Children can often be affected if their parents decide that they want to change jobs and relocate to new cities or even states. Particularly if a child is subject to a custody plan, a move could mean big changes for their normal course of life. If a parent has sole custody of their child then the move may be easier as they may not need permission from the other parent to make the change.

Ways a man may be proven to be a child's father

Although their relationships do not always last, men and women who reside in Arizona bring children into the world that they must raise and care for until the children are no longer dependents. When a man and woman are married at the time a child is born it is generally presumed that the child is the offspring of the woman's husband. However, not all babies are born to married individuals and this post will discuss how paternity may be proven in the state of Arizona.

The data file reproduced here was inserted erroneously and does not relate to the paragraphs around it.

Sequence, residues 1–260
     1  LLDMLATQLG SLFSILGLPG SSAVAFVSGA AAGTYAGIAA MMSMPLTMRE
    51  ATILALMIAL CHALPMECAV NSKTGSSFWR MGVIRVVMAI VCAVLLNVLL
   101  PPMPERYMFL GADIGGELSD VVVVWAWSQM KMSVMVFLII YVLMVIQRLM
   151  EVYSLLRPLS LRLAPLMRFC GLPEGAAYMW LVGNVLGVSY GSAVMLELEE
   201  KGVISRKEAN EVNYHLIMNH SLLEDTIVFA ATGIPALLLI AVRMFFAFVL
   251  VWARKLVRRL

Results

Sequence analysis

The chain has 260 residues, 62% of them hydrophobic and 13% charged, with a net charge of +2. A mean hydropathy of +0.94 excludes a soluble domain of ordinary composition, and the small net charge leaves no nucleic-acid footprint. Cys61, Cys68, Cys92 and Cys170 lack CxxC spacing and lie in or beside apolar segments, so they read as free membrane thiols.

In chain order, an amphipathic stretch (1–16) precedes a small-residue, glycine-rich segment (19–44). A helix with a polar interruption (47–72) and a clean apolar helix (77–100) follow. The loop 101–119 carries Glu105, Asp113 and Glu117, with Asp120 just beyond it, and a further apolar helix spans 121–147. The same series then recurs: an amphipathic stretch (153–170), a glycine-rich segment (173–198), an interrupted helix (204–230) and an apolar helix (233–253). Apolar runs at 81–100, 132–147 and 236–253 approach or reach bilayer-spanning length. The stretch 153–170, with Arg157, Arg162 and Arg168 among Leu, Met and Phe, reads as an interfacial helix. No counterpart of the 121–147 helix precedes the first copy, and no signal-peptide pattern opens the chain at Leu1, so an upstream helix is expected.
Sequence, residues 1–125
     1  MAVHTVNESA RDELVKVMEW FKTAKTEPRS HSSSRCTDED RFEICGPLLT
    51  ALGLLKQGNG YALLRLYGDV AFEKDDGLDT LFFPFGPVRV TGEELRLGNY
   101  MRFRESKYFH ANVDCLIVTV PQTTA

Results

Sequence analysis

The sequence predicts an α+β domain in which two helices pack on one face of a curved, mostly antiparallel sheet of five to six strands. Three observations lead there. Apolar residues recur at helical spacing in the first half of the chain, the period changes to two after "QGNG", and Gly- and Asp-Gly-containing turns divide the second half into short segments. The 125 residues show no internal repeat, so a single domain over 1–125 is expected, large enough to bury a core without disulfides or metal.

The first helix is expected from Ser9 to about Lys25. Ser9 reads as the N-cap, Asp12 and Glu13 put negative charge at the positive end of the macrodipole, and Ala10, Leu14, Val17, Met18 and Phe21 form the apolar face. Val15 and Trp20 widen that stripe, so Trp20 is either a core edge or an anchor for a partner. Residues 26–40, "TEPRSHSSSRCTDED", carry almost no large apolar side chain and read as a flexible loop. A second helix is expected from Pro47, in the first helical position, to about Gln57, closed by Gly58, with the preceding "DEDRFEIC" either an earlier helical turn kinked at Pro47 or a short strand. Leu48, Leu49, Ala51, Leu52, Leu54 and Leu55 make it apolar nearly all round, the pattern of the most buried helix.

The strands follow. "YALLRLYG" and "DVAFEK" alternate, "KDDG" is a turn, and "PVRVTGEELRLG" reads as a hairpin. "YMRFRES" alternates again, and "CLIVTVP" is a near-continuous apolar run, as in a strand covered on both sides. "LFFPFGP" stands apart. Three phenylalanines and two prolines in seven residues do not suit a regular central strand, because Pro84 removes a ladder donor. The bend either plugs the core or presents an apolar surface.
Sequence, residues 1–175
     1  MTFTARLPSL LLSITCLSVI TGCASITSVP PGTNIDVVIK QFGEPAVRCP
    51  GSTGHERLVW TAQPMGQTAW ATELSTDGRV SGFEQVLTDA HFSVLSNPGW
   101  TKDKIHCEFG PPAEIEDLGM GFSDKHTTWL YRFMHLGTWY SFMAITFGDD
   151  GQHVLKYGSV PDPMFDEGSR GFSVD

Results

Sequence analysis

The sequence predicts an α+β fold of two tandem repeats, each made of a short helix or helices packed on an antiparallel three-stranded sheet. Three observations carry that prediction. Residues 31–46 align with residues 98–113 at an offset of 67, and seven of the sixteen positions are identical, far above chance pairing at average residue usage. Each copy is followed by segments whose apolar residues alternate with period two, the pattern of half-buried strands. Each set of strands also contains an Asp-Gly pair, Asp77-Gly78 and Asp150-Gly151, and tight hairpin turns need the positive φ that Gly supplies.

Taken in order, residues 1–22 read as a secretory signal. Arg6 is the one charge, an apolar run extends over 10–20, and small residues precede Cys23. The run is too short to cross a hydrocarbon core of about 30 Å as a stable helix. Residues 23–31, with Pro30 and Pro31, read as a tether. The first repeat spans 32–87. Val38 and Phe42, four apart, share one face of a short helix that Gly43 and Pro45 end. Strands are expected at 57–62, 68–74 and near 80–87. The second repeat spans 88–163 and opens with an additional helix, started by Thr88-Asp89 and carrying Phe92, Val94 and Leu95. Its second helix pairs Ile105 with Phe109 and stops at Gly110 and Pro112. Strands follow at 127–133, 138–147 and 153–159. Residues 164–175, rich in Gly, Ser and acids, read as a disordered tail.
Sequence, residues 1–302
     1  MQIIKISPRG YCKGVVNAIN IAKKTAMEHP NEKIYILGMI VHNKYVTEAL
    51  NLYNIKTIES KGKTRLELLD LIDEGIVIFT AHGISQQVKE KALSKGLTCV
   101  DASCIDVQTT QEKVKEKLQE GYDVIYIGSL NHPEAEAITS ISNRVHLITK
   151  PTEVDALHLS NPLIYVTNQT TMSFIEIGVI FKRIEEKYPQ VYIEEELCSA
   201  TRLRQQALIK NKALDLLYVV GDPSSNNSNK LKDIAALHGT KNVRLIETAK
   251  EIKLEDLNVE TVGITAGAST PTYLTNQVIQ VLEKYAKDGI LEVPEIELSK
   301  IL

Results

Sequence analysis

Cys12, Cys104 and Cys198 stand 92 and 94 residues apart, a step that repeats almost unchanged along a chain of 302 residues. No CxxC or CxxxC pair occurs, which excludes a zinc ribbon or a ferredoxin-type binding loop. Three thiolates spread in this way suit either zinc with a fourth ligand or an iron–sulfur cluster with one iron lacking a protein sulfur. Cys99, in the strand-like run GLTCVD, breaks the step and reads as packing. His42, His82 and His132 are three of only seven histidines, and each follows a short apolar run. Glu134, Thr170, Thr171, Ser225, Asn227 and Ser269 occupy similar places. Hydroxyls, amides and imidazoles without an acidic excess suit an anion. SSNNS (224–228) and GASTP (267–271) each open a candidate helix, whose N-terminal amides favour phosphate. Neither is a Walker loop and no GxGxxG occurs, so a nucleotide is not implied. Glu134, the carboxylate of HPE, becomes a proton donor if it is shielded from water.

First, a long-term marriage is not required to show paternity. A man and a woman must have married within the ten months preceding the baby's birth for the man to be considered the father of the child or the baby must have been born to the woman within the ten months following the end of the couple's marriage.

Circumstances that may lead to an award of alimony

Not every divorce that occurs in the courts of Arizona will end with an award of alimony to one of the parties. In fact, in many cases the parties to a divorce may emerge from the legal process with their careers intact and sufficient assets on which to support themselves. It is only when one of the parties may be disadvantaged and unable to provide for their own needs that an award of alimony will be made.

Pursuant to Arizona law there are four situations in which an award of alimony may be appropriate. First, an award of alimony may be made if the party requesting the support does not have enough property or sufficient assets to manage their own financial needs. Their former spouse may be required to provide them with additional support so that they may maintain their reasonable living requirements.

When will I be done paying child support?